Chicago Sun-Times - 08/15/1997
"...The understated simplicity is intertwined with a breathtaking beauty that is meditative and thrilling..."
Christopher Münch's quiet, evocative COLOR OF A BRISK AND LEAPING DAY tells the beautifully elegiac story of a young man's attempt to grab a piece of the past from a stultifyingly impersonal modern world. John Lee (Peter Alexander) has loved trains all his life, often relating the story of his Chinese grandfather's early days helping build the first railroads in America. When John discovers that the Yosemite River Valley line has closed down, he is determined to bring it back from the dead by making it the best way to travel to the national park. But he soon discovers that dreams often come at a heavy price.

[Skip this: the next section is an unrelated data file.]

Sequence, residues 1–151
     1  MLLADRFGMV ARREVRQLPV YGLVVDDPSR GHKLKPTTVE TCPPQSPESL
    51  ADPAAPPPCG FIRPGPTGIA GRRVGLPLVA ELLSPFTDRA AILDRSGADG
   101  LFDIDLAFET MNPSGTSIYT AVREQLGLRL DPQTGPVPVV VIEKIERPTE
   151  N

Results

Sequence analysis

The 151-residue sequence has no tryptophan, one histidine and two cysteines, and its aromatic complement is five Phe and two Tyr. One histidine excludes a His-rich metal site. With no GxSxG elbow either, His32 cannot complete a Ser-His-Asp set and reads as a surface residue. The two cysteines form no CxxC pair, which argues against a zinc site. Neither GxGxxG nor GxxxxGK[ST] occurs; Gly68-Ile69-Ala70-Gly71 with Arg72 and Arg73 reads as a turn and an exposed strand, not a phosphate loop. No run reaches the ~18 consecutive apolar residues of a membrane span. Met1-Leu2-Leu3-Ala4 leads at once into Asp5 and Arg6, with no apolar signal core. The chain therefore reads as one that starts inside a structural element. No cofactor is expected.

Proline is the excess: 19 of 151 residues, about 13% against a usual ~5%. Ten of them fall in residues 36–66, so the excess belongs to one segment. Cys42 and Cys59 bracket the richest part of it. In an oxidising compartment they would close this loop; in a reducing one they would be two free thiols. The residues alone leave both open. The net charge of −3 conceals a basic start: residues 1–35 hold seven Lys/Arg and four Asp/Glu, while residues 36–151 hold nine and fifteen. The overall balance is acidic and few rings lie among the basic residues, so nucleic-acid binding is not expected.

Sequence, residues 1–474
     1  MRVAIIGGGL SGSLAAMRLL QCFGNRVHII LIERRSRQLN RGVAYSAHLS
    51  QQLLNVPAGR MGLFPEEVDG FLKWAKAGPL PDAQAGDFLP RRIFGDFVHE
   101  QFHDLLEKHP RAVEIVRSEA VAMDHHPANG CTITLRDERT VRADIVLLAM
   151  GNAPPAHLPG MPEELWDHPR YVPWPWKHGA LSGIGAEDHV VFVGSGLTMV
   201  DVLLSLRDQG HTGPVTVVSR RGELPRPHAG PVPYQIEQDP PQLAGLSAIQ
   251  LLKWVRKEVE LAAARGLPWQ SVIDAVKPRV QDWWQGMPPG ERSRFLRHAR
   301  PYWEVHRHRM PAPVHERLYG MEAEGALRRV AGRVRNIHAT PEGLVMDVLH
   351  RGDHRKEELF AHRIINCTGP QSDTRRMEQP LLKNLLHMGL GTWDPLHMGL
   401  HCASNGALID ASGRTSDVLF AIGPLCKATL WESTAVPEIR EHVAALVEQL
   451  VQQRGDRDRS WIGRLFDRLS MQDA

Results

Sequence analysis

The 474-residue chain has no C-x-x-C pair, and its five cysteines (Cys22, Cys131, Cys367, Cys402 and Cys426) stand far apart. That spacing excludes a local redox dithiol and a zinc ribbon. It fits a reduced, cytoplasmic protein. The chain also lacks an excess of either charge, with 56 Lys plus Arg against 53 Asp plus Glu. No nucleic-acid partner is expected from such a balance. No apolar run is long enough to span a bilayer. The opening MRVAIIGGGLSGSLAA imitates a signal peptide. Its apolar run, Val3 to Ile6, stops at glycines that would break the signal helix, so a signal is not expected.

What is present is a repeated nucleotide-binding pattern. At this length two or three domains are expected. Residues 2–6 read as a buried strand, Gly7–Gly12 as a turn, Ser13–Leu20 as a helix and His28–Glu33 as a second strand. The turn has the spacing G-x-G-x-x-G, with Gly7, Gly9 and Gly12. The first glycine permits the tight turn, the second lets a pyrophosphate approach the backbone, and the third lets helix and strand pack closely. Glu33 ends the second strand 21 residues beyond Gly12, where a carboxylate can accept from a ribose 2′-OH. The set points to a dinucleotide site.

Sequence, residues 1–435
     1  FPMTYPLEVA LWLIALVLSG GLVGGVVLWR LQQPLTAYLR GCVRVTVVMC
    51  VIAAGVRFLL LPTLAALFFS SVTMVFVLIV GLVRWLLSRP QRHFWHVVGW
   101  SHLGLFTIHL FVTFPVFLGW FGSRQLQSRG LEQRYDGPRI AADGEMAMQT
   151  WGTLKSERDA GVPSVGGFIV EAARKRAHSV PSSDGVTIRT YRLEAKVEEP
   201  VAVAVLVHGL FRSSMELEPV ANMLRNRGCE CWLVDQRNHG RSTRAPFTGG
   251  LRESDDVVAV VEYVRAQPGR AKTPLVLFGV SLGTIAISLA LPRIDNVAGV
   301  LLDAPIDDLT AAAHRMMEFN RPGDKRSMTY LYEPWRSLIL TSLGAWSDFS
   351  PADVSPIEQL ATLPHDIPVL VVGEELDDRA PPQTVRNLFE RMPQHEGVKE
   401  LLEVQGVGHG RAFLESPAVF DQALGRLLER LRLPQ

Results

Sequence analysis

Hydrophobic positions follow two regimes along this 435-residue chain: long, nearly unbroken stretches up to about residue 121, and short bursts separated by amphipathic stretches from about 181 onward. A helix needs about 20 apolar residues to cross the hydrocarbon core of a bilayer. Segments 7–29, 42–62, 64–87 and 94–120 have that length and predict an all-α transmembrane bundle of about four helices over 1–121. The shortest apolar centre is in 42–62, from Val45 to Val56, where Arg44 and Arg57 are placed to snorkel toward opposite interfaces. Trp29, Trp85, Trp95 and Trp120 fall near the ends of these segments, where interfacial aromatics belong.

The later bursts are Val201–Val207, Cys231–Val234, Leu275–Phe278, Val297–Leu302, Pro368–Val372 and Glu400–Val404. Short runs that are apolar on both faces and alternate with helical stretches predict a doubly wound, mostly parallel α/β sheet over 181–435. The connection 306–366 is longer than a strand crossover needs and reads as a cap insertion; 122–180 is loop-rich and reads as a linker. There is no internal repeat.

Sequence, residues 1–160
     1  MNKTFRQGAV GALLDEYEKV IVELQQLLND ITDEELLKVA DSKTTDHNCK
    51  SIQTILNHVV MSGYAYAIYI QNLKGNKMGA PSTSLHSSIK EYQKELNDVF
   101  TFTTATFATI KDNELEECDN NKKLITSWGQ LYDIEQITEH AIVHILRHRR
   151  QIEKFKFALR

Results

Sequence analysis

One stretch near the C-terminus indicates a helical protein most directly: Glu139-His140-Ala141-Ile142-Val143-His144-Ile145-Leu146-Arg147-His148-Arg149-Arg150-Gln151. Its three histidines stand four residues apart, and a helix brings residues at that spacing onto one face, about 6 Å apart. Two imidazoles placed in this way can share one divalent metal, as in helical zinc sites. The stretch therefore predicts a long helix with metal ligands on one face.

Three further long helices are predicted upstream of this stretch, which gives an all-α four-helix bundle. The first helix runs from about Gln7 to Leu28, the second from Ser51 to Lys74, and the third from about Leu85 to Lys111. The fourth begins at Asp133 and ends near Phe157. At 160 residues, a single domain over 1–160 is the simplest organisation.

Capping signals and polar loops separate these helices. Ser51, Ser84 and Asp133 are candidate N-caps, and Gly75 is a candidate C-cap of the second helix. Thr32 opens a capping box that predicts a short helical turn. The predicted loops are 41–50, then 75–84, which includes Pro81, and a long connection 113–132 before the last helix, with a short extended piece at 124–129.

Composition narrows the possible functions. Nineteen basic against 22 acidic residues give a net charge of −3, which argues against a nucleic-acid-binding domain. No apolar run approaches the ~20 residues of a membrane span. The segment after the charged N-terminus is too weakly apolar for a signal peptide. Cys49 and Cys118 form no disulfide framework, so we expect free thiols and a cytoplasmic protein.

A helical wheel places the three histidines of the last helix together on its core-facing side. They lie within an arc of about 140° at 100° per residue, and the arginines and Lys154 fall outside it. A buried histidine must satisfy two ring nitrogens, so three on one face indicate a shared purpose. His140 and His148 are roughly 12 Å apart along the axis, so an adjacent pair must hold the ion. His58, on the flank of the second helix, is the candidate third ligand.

Münch's film is bathed in retro black and white and features long dialogue-free scenes that make it look and feel like an old silent documentary, moving at a refreshingly slow pace as John struggles to find a ridership with Albert Robinson (the wonderful Henry Gibson) and Skeeter (played with offbeat understatement by R.E.M.'s Michael Stipe) by his side. Meanwhile, John's relationship with Nancy (Jeri Arredondo), a Native American park ranger, blossoms even as his railroad woes deepen and threaten to overwhelm him. This stunning film, featuring the powerful piano music of Erik Satie dominating the soundtrack, is marvelous in its simplicity.